Kaliningrad’s threat to NATO security is evident in a small piece of territory between Poland and Lithuania, called the Suwałki Gap. About 60 miles in distance, the area could rapidly be closed off by Russian troops attacking from Kaliningrad and Belarus. This would immediately separate the Baltics from the rest of NATO. Furthermore - although never confirmed - Russia has never denied that its Iskander missiles stationed in Kaliningrad possess attached nuclear weaponry.

Yet following the military and political failures of the Ukraine invasion, Kaliningrad’s threat to NATO has transformed into a liability for Russia.

According to a Forbes report from last year, 80% of Kaliningrad’s 12,000-strong garrison was transferred to Ukraine. Kaliningrad’s economic situation has also increasingly become a burden on Russia as Lithuania implemented several blockers reducing the ability of goods to enter the region. Although these have since been lifted, the ability for the region to be blocked, combined with Sweden’s future ascension into, leave the region surrounded by sea and land.

Whilst the idea of Ukraine retaking Crimea had previously been dismissed as unrealistic, it is now receiving considerable attention from Western military analysts. Recent internal conflicts and military instability present a new reality - Russia is descending into unpredictable chaos. For Kaliningrad, a new possibility may emerge; as such, by taking advantage of its increasing weaknesses, demilitarisation and eventual annexation by neighbouring powers is not off the table.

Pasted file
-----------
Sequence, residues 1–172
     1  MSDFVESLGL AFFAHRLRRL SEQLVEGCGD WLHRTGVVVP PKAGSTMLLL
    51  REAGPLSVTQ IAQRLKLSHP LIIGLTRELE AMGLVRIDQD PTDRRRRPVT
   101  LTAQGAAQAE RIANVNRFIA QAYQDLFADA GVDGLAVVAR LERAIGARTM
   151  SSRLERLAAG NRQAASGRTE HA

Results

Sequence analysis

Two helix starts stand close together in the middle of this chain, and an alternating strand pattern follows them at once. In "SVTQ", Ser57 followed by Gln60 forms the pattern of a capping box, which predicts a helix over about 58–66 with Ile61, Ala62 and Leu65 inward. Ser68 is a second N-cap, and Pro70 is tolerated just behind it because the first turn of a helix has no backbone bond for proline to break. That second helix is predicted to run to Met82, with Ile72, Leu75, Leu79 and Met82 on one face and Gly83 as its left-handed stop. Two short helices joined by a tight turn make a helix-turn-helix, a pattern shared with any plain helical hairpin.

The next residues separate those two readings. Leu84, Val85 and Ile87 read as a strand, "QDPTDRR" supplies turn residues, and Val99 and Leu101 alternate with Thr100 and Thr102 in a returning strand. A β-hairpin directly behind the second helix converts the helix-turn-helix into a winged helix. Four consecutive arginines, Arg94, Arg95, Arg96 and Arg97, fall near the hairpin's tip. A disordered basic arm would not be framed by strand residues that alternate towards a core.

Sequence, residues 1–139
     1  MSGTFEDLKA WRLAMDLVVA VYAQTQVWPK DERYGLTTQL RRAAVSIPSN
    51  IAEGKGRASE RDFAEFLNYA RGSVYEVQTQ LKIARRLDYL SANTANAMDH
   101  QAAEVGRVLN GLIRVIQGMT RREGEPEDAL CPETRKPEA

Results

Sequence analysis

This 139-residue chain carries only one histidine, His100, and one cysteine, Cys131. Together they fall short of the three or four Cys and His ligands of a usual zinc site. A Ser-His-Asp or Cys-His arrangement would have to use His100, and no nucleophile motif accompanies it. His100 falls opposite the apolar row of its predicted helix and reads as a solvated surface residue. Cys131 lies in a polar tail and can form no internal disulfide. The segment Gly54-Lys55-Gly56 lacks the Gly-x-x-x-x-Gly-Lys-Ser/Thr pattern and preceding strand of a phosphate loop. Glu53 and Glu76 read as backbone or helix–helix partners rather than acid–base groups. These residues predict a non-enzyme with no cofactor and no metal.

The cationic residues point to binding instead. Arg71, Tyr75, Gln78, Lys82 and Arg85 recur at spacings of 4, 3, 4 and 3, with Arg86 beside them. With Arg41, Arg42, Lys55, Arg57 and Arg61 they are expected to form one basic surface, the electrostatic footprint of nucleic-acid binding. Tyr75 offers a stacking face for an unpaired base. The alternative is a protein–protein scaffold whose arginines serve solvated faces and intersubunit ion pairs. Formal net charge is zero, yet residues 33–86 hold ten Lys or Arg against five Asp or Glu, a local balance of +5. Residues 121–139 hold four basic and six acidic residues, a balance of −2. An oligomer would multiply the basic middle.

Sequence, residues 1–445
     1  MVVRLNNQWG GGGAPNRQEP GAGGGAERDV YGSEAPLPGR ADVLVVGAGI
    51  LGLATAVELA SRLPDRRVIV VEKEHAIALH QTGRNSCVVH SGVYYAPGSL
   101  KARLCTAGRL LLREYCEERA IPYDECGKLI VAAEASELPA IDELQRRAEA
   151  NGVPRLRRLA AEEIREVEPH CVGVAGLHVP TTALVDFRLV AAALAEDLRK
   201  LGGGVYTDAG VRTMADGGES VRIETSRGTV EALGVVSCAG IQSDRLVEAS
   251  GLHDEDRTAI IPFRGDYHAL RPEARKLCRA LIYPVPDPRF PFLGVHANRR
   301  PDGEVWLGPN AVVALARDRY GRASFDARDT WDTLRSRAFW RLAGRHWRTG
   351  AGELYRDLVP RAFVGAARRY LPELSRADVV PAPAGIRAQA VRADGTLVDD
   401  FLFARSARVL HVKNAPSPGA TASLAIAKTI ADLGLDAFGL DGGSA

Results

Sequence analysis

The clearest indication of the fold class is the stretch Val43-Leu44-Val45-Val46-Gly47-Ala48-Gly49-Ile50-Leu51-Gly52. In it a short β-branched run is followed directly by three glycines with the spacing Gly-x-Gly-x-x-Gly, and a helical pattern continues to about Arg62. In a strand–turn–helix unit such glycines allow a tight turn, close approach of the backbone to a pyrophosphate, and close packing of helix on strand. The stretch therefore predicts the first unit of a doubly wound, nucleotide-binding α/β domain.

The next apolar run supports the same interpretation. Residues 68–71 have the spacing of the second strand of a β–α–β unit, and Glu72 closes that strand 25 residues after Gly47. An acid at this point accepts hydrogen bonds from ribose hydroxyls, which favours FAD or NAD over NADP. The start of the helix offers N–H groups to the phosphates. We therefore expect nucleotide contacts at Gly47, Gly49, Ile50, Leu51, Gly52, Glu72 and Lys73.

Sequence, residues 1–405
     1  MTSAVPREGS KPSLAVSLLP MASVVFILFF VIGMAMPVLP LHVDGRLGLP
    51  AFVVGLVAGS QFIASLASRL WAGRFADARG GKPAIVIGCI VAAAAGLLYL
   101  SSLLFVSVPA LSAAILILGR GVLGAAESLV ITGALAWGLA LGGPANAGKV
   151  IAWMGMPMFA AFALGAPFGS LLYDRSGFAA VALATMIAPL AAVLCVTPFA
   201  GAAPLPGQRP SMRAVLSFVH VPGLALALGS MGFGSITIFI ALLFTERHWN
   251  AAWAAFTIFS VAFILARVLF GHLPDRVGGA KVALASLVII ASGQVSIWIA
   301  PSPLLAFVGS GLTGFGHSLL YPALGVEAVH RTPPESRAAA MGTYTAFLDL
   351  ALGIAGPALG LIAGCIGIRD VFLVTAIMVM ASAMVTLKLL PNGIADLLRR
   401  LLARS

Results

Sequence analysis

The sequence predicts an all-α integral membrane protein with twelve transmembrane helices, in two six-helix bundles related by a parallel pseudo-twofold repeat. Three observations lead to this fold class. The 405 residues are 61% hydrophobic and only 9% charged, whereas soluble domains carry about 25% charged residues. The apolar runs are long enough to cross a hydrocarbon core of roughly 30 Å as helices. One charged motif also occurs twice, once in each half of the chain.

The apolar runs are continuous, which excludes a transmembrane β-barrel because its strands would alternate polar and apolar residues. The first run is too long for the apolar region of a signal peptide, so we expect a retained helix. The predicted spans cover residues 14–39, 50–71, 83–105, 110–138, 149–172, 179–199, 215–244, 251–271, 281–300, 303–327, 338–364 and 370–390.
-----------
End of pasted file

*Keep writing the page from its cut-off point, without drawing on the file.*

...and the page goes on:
The first step towards this end goal may be its de-Russification.

This is not to suggest that Poland reviving the names of Königsberg or Kroleweic will lead to Moscow surrendering its most strategic Western possession. However, such action indirectly challenges Russian sovereignty.

The use of Krolewic re-establishes Polish cultural ties to the

region, laying the groundwork for territorial claims and justifying a future military or political intervention to the public.

Historically, invasions and foreign policy expansions have required some form of historical justification - just as Russia uses the Kievan Rus to question Ukrainian sovereignty, Poland and Baltic states may weaponize their own historical terminology.

Contestation over Kaliningrad will not happen anytime soon, but this linguistic conflict could be another headache for an already embattled Russia.

Image: Getty Images